Light Upon the Lake: Demo Recordings give listeners a more intimate look into the band Whitney


The unusual, foggy falsetto voice of Julien Ehrlich drifts easily over all of the noise, even his own drumming, while his co-founder Max Kakacek picks, strums, and slides a riff on guitar, rocking with “sloppy precision.”

While the Chicago-based band Whitney classifies as indie-rock, their sound is far from typical. As a six-piece band of two guitars, a bass, a keyboard, a trumpet, and drums, they could easily be written off as “just another rock band.” But after listening to them, their surprisingly whimsical sincerity is what sets them apart.

Throughout their whole first album, Light Upon the Lake, Ehrlich’s eerily sweet vocals were consistently recognizable, and every song could easily be identified by the definite lull of his voice carrying throughout. At the core of their songs is their telling lyrics that reflect the realities that both Ehrlich and Kakacek, the main songwriters for the band, have faced. When Ehrlich suffered the loss of his grandfather, he was inspired by his loss to write “Follow,” which depicts the end of life as a hopeful and sweet goodbye.

Their stunning primary album from 2016 was recently followed up with a new album featuring the demo recordings of the songs from Light Upon the Lake, a single cover, and a fresh track.

“Golden Days” was first released in 2016, and comparatively, it sounded more put-together and sharper than its more blended and varied demo with its definite rhythm. In the demo, the most noticeable difference is the echoey vocals that are smeared over the slippery vibrations of Kakacek on guitar and the few and far between horn interludes.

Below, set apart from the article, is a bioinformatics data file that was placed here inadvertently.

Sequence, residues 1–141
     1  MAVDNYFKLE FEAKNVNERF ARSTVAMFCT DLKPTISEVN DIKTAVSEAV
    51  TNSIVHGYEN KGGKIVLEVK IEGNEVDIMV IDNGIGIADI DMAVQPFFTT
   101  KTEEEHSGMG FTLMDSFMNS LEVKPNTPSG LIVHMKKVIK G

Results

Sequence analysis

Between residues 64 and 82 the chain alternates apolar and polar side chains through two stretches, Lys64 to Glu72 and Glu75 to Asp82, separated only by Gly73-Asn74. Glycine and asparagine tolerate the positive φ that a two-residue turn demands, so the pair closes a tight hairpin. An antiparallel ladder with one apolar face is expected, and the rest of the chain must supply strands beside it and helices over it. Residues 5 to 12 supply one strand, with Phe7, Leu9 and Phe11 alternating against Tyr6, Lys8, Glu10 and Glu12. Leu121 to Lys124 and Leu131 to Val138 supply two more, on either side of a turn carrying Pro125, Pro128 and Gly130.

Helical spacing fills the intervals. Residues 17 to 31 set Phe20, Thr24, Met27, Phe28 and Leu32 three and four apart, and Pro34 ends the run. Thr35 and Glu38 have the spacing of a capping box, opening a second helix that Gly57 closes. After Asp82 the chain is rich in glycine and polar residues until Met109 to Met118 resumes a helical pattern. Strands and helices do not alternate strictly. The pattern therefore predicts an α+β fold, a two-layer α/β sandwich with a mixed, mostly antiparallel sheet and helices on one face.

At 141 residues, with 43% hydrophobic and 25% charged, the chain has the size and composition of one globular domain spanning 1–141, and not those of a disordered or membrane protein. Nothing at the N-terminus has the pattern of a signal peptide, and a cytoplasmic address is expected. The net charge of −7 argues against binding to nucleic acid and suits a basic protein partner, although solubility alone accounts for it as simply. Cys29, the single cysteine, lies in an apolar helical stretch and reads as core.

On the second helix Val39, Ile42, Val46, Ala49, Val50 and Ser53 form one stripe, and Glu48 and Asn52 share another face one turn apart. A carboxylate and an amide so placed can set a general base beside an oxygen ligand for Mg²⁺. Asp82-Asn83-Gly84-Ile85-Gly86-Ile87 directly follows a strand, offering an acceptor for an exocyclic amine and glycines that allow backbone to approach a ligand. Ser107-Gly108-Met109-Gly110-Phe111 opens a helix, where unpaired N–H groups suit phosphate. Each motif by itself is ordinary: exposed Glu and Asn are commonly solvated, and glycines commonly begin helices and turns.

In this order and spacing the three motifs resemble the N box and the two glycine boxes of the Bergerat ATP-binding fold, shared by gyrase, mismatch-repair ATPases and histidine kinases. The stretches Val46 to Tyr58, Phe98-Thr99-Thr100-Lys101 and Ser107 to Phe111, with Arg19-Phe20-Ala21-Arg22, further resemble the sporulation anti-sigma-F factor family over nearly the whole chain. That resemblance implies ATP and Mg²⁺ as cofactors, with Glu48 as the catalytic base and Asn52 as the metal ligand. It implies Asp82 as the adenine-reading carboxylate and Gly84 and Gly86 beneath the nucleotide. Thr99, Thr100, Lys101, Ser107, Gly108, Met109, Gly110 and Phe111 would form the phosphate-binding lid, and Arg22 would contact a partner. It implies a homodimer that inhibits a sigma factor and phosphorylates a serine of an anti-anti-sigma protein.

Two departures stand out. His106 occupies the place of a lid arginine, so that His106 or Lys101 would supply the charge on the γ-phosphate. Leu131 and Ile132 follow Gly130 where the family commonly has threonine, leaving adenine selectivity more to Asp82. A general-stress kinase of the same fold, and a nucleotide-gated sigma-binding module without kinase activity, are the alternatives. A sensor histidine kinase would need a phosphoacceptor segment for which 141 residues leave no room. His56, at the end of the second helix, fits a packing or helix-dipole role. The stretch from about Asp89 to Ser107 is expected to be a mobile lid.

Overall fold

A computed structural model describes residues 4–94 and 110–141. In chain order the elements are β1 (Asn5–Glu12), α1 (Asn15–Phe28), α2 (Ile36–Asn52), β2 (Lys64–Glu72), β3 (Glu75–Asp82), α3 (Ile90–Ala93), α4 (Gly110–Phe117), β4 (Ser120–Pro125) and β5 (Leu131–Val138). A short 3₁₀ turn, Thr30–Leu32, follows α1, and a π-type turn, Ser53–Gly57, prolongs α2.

According to the band, Whitney’s sound is deeply inspired by Allen Toussaint, a pianist from New Orleans; in their November release, that love for his music was plainly portrayed with their cover of Toussaint’s “Southern Nights” from 1975. The original is composed of Toussaint playing piano that simultaneously croons the lyrical melody while also maintaining the deeper, darker notes that bring it all together. With a more filtered and synthetic approach to the richly classical song, Whitney puts their own personal edge to it with the sounds of a quavering keyboard and Ehrlich’s soulful voice.

In the midst of all the reruns of songs was “You and Me,” their newest single. Thankfully, the song’s upbeat nature perked up the album with well-spaced pauses and the epic combination of keyboard and electric guitar. Personally, I felt like “You and Me” showcased each person’s unique abilities.

In addition to their international success despite only coming into existence in 2016, Whitney caught the eye of Elton John, especially member Kakacek who John reportedly deemed as “absolutely gorgeous.” If that’s not a compliment, I’m not sure what is.

Although they are the rough drafts of the final product, each song still envelops their listeners with the essence of Whitney and provides a more intimate look into the recording process. Despite being outsiders in their own genre, they have pioneered their way into the music scene with a creative sound like no other.